With the EU act, I do think they’ve done a fairly good job. It’s a good balance between the principles, and they outline exactly what to do with some methods which is unusual. You tend to either have one or the other. Another positive thing is that we still have talks. For me, anything that tries to regulate the technology itself is wrong. However, you should include principle and usage. In AI you should regulate something by saying you shouldn’t use AI to do genetics or to produce—for example, doing tests with biological material or bioengineering, because it is an unacceptable usage. I don’t think going after regulating technology is very helpful. You cannot implement it and other countries will do it. I think the regulation is a good balance between setting the principles, protecting the citizens, discrimination and mass surveillance.

Mass surveillance is particularly complex because many countries don’t want private companies to do it, but want loopholes for their security forces to, they would argue, keep their citizens safe. I know, for example, the French government shaped quite a bit of the early drafts for their security forces, but the first ever draft, which I don’t think was ever published, had very, very strict rules to even limit their governments for any mass surveillance. Some big security agencies in countries like France and other big countries in Europe, pushed back saying, “No, no, I need these powers.”

Phil Winder:

That’s fascinating, because I think going back to what you said previously about the differences between trying to regulate specific applications versus specific implementations, there are some applications that are explicitly listed in there and excluded. Like military use, for example, is excluded from the legislation. Presumably that’s their influence.

Interestingly, it’s almost the same side of the coin. The use for domestic policing is included for many applications. There are still some exceptions in there, but it’s much more restrictive than military use, for example.

What do you think about their attempts to legislate for generic AI solutions?

Javier Campos:

When a patch is introduced later on, I would argue that it doesn’t work very well. One of the first things with any law, any contract, whatever, is to define the definitions. It was extremely painful, defining what AI is. You can roughly talk about it, say, “Look, is ‘anything that humans do that machines can mimic’ human behavior?” That definition as a broad theory is ok. But when you get into the details, it is really difficult.

One of the big debates was distinguishing machine learning from traditional mathematical or statistical models. For example, is linear regression machine learning? You could spend hours debating it—some people say yes, some people say no—and both have a bit of a point, but personally, I don’t think it is. The first definition that the EU coined, they were trying to be too broad and effectively trying to say that ML is everything.

You might ask “Why would I care?”, but it has big implications. Because if you say any mathematical algorithm is AI, all of a sudden this law applies to everything… I mean, pretty much any application you have running today, from CRM or whatever, there will be some sort of basic algorithms to calculate, for example price optimization. When you call your insurance company, as soon as they pull your data they will calculate your price. That’s an algorithm. Is that AI? And the problem is, depending on the definition everything falls down. The same happened with foundational models. The definition now is quite generic and has got loopholes.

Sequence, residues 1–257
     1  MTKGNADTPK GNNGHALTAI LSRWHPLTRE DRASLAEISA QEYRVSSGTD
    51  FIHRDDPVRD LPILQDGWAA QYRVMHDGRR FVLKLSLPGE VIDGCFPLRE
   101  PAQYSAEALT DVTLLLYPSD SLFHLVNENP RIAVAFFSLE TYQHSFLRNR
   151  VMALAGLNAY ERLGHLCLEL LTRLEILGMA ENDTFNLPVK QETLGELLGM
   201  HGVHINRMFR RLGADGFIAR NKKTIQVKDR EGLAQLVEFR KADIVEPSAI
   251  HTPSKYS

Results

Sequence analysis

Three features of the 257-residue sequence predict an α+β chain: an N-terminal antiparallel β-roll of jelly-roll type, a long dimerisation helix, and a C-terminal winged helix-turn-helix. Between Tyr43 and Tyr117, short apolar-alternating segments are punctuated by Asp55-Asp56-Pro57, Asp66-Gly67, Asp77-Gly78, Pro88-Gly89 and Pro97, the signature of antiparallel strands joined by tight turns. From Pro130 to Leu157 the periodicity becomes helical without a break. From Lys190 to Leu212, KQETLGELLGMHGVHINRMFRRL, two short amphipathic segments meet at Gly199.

You saw when ChatGPT was in early release, Italy very quickly banned ChatGPT, and then they went back. My view is, this is the problem with this type of legislation. Because AI is accelerating at such a speed. And if you think about the evolution and the history of AI—even something like generative AI about five, six years ago was just research in a lab. And now it is everywhere.

By the same token there are a lot of algorithms which are very different, and they’re going to be in production this year, next year, in the next few years. And you can’t really use the tools if you want to do what I call version one of ML algorithms, like the XGBoost and things like that. They are good but they’re also quite limited in what they do. Even generative AI starts blurring the lines. What do you consider copyright, or not? What is the actual content, what is not? So, for me, it seems very open-ended.

Phil Winder:

Yeah, I agree. And it almost looks a little bit hasty that they arbitrarily included the generic AI systems, because it captures a huge segment of the market, and the downstream applications of that may have nothing to do with it; there may be zero risk of any sort of harm. They did seem to leave a clause in the act that basically allowed them to update that list when they see fit. I do think that it will still continue to change, moving into the future.

Do you think that this legislation will change how businesses do business in the future?

Javier Campos:

Absolutely. I think this legislation could drive some of the AI innovation out of Europe because of the way it has been written. Since Brexit, the UK has not been within that market. It remains to be seen whether the UK adopts this legislation or not. It’s a bit like it was with GDPR, and I do think this is a potential opportunity for the UK.

For Europe, you have operations in Germany, France, Italy, Spain and so on, so the first thing to know is is there is a list of use cases. You need to check if whatever model your company is using falls under one of these packets. Of the four or five packets, there is one that is forbidden so if you are in there, you can’t just use AI in Europe—it is very simple.